1/1/2002 | 6 MINUTE READ

On the Management Side: How Do You Look To Your Boss?

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You know your job.


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You know your job. You’re ambitious. Your company is growing. Your prospects look very good indeed.

Don’t kid yourself.

Most people do their work well. They too are conscientious, competent, cooperative. In the world of business, being good at what you do is frequently not enough to make you stand out from the crowd. To be appreciated and rewarded, you must also be perceived as being good and deserving of advancement.

Are you? Whether you are new on the job or an old hand, a professional or in middle management, you have a constituency of one whom you must satisfy and, ultimately, impress if you are to get ahead—your boss. Is he aware of your abilities, aspirations, and potential? Maybe, maybe not. If he isn’t, you may be missing out on a variety of opportunities.

It may be helpful, therefore, to take stock of your image right now. By determining as frankly and fully as possible the qualities and skills that your name conjures up in your boss’s mind, you can go a long way toward pinpointing those areas in which you already excel as well as those in which you ought to apply additional effort. Your answers to the following should give you a running start toward new self-knowledge.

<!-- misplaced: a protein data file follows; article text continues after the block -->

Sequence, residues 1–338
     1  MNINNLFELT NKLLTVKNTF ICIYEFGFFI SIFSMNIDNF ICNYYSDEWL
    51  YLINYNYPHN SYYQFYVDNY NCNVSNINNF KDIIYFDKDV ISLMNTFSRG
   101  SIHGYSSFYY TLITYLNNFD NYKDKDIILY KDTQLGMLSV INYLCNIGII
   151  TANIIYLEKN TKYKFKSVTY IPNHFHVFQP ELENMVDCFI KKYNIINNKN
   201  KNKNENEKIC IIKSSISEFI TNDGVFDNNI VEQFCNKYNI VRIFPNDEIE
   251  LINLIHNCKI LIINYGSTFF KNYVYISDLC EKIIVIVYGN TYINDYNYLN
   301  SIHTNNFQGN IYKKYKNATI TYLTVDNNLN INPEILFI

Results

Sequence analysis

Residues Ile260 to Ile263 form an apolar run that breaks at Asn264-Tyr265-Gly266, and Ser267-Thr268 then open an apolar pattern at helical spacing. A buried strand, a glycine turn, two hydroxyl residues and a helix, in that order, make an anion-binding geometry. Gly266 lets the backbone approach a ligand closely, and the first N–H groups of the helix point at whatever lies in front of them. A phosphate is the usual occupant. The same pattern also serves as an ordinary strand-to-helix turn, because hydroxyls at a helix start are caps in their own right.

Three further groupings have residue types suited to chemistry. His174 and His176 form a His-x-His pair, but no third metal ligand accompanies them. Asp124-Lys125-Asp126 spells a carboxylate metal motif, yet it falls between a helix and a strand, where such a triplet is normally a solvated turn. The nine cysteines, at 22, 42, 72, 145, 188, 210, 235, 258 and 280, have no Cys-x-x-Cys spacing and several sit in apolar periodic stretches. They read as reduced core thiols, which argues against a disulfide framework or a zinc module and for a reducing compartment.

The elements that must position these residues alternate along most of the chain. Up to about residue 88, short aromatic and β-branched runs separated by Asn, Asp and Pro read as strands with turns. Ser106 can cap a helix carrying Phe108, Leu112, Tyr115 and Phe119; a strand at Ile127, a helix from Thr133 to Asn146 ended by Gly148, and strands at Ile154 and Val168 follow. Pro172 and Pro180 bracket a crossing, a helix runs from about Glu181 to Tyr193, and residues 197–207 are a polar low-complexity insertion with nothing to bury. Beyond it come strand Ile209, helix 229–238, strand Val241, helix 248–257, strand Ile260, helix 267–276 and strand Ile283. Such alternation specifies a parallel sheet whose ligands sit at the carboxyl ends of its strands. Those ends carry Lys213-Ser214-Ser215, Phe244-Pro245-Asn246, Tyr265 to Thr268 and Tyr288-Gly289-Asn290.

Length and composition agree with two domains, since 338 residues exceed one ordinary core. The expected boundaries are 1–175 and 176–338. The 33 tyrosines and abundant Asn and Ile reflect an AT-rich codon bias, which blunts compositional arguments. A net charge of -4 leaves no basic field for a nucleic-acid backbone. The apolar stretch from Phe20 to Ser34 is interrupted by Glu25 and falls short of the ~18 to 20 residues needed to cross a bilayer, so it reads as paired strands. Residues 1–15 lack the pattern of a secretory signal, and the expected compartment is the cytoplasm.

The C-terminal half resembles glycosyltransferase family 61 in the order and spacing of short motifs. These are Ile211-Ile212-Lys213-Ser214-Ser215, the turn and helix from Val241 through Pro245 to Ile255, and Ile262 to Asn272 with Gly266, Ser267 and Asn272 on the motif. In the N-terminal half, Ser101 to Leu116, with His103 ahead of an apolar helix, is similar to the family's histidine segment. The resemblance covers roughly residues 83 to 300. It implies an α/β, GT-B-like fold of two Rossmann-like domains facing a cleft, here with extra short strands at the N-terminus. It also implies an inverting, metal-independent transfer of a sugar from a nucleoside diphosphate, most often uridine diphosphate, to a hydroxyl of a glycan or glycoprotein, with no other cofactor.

1. What is your reaction to being given an assignment different from any you’ve done before? Apprehension? “All-in-a-day’s-work”? Enthusiastic anticipation?
  2. Are you adaptable, able to assimilate new experiences, or do you tend to be thrown off center by the unfamiliar and the untried?
  3. Are you generally confident about your ability to adapt to new circumstances?
  4. Do you actively seek new responsibilities?
  5. Do you keep pretty much on top of your paperwork?
  6. When things are going exceptionally well, do you take advantage of the psychological boost by tackling other tough chores, or do you bask in your accomplishment and ease up for the rest of the day or week?
  7. Do you express yourself clearly? Do others immediately understand what you say and write?
  8. Do you present your ideas clearly, with facts in a logical sequence to back them up?
  9. Are you good on your feet, in front of an audience, or are you a nervous and inept speaker?
  10. Are you tactful? Can you persuade people to change their ways and do things differently without hurting their feelings?
  11. Do you view problems as barriers to getting your work done or, more realistically, as part of the work for which you are responsible?
  12. Do you tackle a problem as soon as you are aware of it, or do you tend to postpone it as long as possible in the hope that it will somehow take care of itself?
  13. When faced with a problem, do you try to isolate the key element on the supposition that if you can crack it, everything else will fall into place?
  14. Are you ever the problem—through indecision, poor communications, insufficient research, lack of planning, procrastination, and so on?
  15. Do you view your job primarily as a creative one or as a fairly cut-and-dried proposition that simply requires a certain amount of output?
  16. Do you have confidence in your ideas? Does it bother you when others disagree with them? Or, once convinced that you are right, do you stick to your guns?
  17. Are you receptive to and tolerant of new ideas, no matter what their source?
  18. Have you originated any new projects that had substantive value for your department or company?
  19. Are you aware of any biases, preconceived notions, or personal flaws that inhibit your creativity—e.g., discounting the abilities of others, assuming that certain facts are unobtainable, giving up too soon? If you are aware of them, do you consciously ward them off while in the throes of creativity?